According to Alex Gilbert, an adjunct professor at Johns Hopkins University and director of nuclear startup Zeno Power, the EPA still has a few arrows in its quiver.

“This is a narrow technical and procedural ruling that has relatively limited impact on EPA’s general authorities,” Gilbert told CNBC. “The court left the door open for the Biden administration to set standards using site-specific capabilities as well as other systemic ways to reduce emissions that don’t require generational switching.”

According to Eric Schaefer, executive director of the Environmental Integrity Project, a non-profit non-partisan organization that aims to strengthen public health and environmental policy, mandating the efficiency of coal plants could reduce greenhouse gas emissions by 10-15%.

In addition, the EPA could still require emissions reductions by implementing standards requiring coal-fired plants to upgrade to burn natural gas, Schaefer told CNBC. According to the US Energy Information Administration, burning natural gas produces about 40% less carbon dioxide than burning coal to create the same amount of energy.

Carbon capture and sequestration technologies can also help existing plants minimize greenhouse gas emissions at the plant level, Schaeffer said, but the technology is still prohibitively expensive.

“The EPA must consider costs when setting carbon emissions standards from power plants,” Schaefer told CNBC. “The carbon sequestration requirement for existing plants is unlikely to pass the test because it is very expensive, so it is unlikely to be the basis for revising the standards.”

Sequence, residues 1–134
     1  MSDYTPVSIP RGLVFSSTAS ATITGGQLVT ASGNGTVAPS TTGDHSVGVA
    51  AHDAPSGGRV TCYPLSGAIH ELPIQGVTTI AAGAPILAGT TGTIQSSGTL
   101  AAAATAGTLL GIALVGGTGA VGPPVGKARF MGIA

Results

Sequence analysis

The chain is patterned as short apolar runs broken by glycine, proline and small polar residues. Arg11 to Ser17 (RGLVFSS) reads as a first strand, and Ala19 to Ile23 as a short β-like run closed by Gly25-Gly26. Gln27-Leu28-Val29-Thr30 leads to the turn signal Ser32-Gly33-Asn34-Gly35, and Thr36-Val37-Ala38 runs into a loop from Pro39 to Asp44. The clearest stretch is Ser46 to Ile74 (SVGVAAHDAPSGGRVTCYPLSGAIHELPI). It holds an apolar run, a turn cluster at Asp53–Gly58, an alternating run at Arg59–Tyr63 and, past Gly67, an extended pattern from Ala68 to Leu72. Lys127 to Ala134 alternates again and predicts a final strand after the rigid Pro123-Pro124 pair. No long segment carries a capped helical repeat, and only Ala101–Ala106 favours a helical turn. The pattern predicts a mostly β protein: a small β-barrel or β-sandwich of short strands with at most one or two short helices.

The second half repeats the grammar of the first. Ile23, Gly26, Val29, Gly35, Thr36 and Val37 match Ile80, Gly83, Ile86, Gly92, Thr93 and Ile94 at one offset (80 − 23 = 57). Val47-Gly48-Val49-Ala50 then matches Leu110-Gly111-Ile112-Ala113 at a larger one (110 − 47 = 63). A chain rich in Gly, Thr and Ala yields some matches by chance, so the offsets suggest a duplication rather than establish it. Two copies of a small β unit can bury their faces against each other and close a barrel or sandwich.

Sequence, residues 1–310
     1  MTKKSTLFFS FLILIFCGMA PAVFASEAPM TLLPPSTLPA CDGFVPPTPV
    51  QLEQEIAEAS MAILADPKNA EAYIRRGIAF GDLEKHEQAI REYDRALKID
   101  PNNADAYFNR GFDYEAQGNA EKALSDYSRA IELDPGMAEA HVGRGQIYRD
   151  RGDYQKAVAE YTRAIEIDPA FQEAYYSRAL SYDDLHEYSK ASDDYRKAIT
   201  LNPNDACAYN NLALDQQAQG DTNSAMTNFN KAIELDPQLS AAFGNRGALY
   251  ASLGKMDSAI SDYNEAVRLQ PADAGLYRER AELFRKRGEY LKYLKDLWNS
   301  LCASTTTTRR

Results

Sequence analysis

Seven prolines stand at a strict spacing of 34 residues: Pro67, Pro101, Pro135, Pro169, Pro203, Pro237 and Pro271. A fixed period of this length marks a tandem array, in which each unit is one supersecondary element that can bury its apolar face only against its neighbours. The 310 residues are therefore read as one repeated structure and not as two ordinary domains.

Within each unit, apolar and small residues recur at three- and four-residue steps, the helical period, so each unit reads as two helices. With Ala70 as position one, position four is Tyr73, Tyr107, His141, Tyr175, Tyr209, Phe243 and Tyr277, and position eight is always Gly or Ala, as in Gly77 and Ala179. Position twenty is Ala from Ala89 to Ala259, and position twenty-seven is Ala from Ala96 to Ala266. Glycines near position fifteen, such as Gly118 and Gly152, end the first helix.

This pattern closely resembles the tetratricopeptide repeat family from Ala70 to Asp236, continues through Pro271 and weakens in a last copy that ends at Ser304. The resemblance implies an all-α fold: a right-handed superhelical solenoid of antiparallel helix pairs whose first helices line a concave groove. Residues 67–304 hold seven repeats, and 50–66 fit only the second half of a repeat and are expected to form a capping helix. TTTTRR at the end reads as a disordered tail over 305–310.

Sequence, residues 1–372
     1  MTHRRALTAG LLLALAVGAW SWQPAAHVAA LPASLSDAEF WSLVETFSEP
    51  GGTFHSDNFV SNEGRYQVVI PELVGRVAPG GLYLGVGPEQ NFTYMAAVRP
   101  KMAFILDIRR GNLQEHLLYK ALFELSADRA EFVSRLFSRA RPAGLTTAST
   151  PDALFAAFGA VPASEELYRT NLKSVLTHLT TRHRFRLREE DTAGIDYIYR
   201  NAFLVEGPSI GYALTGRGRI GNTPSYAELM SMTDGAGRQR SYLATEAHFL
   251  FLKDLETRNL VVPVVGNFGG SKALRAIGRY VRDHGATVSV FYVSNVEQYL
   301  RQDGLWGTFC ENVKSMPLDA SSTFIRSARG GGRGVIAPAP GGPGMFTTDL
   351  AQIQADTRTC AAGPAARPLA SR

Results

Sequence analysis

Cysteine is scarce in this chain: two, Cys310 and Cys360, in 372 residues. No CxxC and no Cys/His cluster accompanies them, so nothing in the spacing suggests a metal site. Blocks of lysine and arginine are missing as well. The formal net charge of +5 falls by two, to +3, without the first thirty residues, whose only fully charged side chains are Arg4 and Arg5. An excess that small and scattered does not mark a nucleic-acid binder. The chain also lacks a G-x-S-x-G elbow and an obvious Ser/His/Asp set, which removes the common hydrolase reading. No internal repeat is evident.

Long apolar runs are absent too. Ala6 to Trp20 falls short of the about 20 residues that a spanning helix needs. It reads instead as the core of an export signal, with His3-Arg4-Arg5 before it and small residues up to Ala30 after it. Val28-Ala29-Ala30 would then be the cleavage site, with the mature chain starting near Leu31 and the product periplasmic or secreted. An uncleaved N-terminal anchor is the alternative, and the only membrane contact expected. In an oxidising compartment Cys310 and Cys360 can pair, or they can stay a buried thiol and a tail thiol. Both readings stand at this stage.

If the agency forces coal plants to convert to natural gas or implement carbon capture, it could end up closing them, accelerating the transition to renewable energy. “The compliance costs are too high for large facilities,” Gilbert told CNBC.

Schaeffer also agrees that the High Court still left room for the EPA to take meaningful action.

“The court at least made it clear that the EPA can impose carbon emissions on certain power plants that are based on efficiency gains and fuel switching. That approach can really lead to pretty tough restrictions,” Schaefer told CNBC.

Besides the EPA, state governments can set emissions targets, says Jennifer K. Rushlow, director of the Environmental Law Center at Vermont Law School.

“Many states now have economy-wide caps on greenhouse gas emissions, often called Global Warming Solutions Acts,” Rushlow told CNBC. California and Massachusetts were the first states to pass such GWSA laws, she said.

However, compliance with these state GWSA laws can be difficult.

“In many states, these laws are not strictly enforceable by third parties, and so unless the state takes sufficient action, the laws become wishful thinking. However, in some cases, their implementation was possible,” Rushlov said.

She speaks from experience handling the Massachusetts case, Kane v. Department of Environmental Protection, which was successful in forcing the state to take action to reduce greenhouse gas emissions. Vermont also has a GWSA.

“If state GWSAs can have teeth like that, they have a real chance to make a difference,” Rushlow told CNBC. “Although, of course, climate change is a global issue, so we need more than just a few states meeting these commitments.”